In order to improve Croatia’s trade competitiveness when it comes to the international transport chain for both freight and passengers operations, the Rijeka Gateway Project which has seen major improvements to port and road connections opened in 2009 a new Passenger Terminal in the very heart of the city. In accordance to tradition, Rijeka is known as the central and major sea port in Croatia and has the intention of becoming the dominant traffic route throughout the entire region, connecting seaways with European road and railway corridors. The terminal is equipped with all the necessary facilities to suit passenger requirements including the sale of passenger tickets, a tourist’s information point, accommodation reservations, restaurants, coffee bars, and travel and rent-a-car agencies. It is envisaged that Rijeka will soon become an integral port and starting point for future cruise travels within the Adriatic and Mediterranean Sea’s, with a deep and thorough understanding of safety as well as environmental awareness.
By boatAn arrival by boat in Rijeka gives you a great view of the grand old buildings lining the quayside and puffing their way up the hillside, with myriad shutters lending a Mediterranean feel. You’re right in the heart of the city, with the coach and local bus stations close at hand and a taxi rank right there – see the map of the city centre at the back of this guide. Local ferries (trajektne linije) and passenger boats (brodske linije) run from Rijeka to the surrounding islands. The islands are simply gorgeous, and tickets for foot passengers are absolutely affordable, while you can expect to pay about 100kn (15€) to take your car across.
By busThough small, the long-distance bus station (autobusni kolodvor), right in the city centre, is a real hub and has everything you need. Bus travel is the preferred method of long distance public transportation: it’s cheap, relatively quick and usually comfortable. A large number of Croatian destinations are served, as well as a growing number of foreign destinations on all points of the compass. Ticket office: open 05:30 - 22:30, tel. 060 30 20 10 (automated service, press 2 to contact the operator) for reservations and info. Outside opening times, you can buy tickets on board, but during summer it’s best to reserve in advance. Changing money: there are exchange bureaux on Platform 1 and ATMs by the big church you see there. Left luggage (garderoba): tel. 33 63 47 the garderoba is inside the station building and is open 06:00 - 22:00. Toilets: inside the station. Getting to town: See the waterfront? Hang a left. The main street Korzo is just behind the waterfront buildings. Taxis: There’s a taxi rank at the station, or call (051-if you are calling from mobile) 970 (check Getting around for other taxi companies).
By carFrom Italy: E70 motorway to Trieste, look for signs for “Fiume” and route number E61 / local route 7, which crosses Slovenia and enters Croatia at Pasjak. Route E61 / local road 8 lead you into Rijeka. The signs for the ferry, marked “Trajekt”, are a good orientation point for the centre.
From Slovenia: From Ljubljana follow route number E70 via Vrhnika and Postojna. Join local route 6 through Ilirska Bistrica. You’ll cross the border at Rupa and join the E61 which drops directly down into Rijeka.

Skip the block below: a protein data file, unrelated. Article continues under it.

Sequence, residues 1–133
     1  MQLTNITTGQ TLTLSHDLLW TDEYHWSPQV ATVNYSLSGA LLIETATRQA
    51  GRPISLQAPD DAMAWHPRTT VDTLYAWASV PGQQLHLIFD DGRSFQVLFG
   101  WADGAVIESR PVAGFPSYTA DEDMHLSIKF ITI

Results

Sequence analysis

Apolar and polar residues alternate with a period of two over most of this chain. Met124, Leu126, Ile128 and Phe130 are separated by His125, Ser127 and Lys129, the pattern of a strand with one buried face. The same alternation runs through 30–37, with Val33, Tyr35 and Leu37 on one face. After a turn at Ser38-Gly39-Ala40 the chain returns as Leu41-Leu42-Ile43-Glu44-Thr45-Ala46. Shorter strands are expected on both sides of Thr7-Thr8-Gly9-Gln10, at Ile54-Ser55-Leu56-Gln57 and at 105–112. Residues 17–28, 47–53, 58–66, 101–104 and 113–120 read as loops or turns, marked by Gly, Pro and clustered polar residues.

From Zagreb: The E65 / A6 motorway runs directly from Zagreb to Rijeka. Watch the signs where motorways merge at Bosiljevo. The motorway toll costs 60kn in one direction, payable in most currencies and credit cards.
From Split: We recommend taking the new A1 motorway from Split, turning off at Bosiljevo for the A6 to Rijeka. The A8 coast road is spectacular, and great if you have plenty of time, but if you’re in a hurry its sharp bends can be fatal.
Be aware that at weekends in August, traffic in coastal areas and on the main routes into Croatia can be very heavy. For the latest traffic information, check out the Croatian Automobile Club website at www.hak.hr.
By planeRijeka airport (zračna luka Rijeka) near Omišalj on Krk island serves Rijeka and the Kvarner coast. It’s a tiny airport, but has a bar with sandwiches, a tourist information point, an ATM, a small duty free shop (open prior to flights), toilets, payphones, a post box, and parking. Getting to town: Autotrans buses take you to Rijeka’s city bus station on Trg bana Jelačića for 50kn one way. Check with your airline for the timetable. Taxis await your hailing outside the airport.
By trainRijeka’s train station has all the basic services you need. Train services are rather slow, but it’s a relaxing and inexpensive way to travel. The HŽ (Croatian Railways) website has good English and German pages featuring ticket prices and connections for domestic and international routes.
Ticket office: In the central lobby you’ll find the ticket office including the international (međunarodni) and domestic window,open 05:10 - 20:40. You can buy tickets on board out of hours, but it’s best to reserve in advance for international journeys. Changing money: There’s a cash machine en route to the Zagreb platform and 24-hour cash machine outside the station building. There’s a small exchange bureau in Nikole Tesle Street opposite. Left luggage: Lockers; 04:30 - 22:00, cost: 15 - 20kn per day. Toilets: on Platform 1, lovely and clean. Public phones in front of the station and on platform 1.
Getting to town: The bus stop to the centre is directly in front of the station (two stops, take lines 1, 1A, 2, 6, 7, 7A or 32). If you cross the street, bus no. 32 heading west takes you to Opatija. Taxis: There’s a taxi rank outside the station, or call (051-if you are calling from your mobile) 970 (check Getting around for other cab companies).